West Hartford Mayor Shari Cantor, a lifelong resident of West Hartford and graduate of Hall High School and the University of Connecticut, says that the solar investment tax credit (ITC) has led to important growth in the solar energy industry and needs to be continued.
By Shari Cantor
When I grew up, solar panels were something for science fairs, school field trips, or science labs. Rarely would they be seen on residential homes.
Today, however, they’re an essential part of our town’s infrastructure. Our businesses rely on them to power their growth, and more and more residents are choosing solar energy as well. By doing so, they are doing good by combatting climate change while enjoying lower energy bills.
The widespread adoption of solar in West Hartford has been accelerated by policies like the solar investment tax credit, or the ITC, a bipartisan program passed by Congress which gives incentives to businesses that invest in solar energy. Since the ITC was implemented in 2006, solar deployment has grown by more than 10,000 percent.
Over the past decade, solar energy costs have come down more than 70 percent. The opportunities for our residents and businesses to choose solar energy and lower their electricity costs simply would not have been possible without the ITC.
West Hartford isn’t the only place this is happening – solar energy is an American business success story. There are now more than 2 million solar installations in the United States, and more than 242,000 Americans have a career in solar energy. More jobs and lower energy costs are good for everyone. As a result, 75 percent of Americans want their utility companies to use more solar energy, and overall, 90 percent of Americans have a favorable opinion of solar, according to a recent study.
I am proud to say, in the past several years, West Hartford has installed more than a dozen solar projects on our schools and town buildings, and we continue to install more, with Town Hall coming online in the next few weeks and King Philip Middle School in the spring.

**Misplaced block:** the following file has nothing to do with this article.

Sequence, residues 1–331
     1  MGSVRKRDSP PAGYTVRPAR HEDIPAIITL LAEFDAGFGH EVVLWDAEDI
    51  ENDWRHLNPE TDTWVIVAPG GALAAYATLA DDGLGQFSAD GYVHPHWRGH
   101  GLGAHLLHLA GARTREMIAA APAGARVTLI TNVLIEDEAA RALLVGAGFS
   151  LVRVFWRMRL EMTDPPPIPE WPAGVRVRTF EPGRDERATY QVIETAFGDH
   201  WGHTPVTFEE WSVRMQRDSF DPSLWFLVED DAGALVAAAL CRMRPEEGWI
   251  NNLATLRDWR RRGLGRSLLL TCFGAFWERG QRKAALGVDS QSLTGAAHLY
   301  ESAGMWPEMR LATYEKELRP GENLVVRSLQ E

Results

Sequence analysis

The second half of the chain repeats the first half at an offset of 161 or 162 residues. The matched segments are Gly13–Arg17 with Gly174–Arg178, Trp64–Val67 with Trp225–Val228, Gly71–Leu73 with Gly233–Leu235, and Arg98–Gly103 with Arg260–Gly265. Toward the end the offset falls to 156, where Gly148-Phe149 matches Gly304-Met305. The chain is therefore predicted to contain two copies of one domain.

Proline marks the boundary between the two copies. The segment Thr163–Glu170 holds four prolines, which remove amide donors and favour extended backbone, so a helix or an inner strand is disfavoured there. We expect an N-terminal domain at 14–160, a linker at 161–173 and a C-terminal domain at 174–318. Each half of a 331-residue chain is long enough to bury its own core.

Also, 15 percent of the power we purchase is from a solar farm in Northeastern Connecticut. Likewise, over 600 West Hartford residents and 35,000 Connecticut residents have invested millions of dollars in solar on their homes. These projects are not only good for the environment and save money: they help the local and state economy.
Unfortunately, this successful program, and the economic growth it brings to our community, is in jeopardy as Congress is considering eliminating it. This will, in effect, raise the price for those who want to install solar energy solutions, inhibit the growth of the industry, and eliminate high-paying, skilled jobs in Connecticut. According to the Solar Foundation, in 2018, there were about 2,200 solar jobs in Connecticut (one in every 778 jobs), two-thirds of which are in installation or project development.
The ITC is the best policy we have on the books to continue to deploy clean energy and meaningfully address our changing climate. New data shows a 10-year extension of the ITC would result in 113,000 new jobs and $87 billion in private investment, nationally, the effects of which would be felt in Connecticut and West Hartford where solar is on the upswing. The opportunities for growth must remain for solar to reach its true potential.
As your elected official, it’s my job to support a strong local economy. The ITC is scheduled to start phasing out at the end of 2019, potentially marking the end of a major policy driver for clean energy. Jobs and lower energy costs for West Hartford residents are on the line, so join me in urging U.S. Rep. John B. Larson and Connecticut Sen. Richard Blumenthal and Chris Murphy to pass an immediate extension of the ITC. Together we can save this critical program.
Mayor Shari Cantor was born and raised in West Hartford and is a graduate of Hall High School. Before becoming mayor in 2016, she has been as a member of the Town Council since 2004. Cantor is a member of the UConn Board of Trustees and has been serving since her appointment in 2014. She graduated magna cum laude with an accounting degree from the UConn School of Business.
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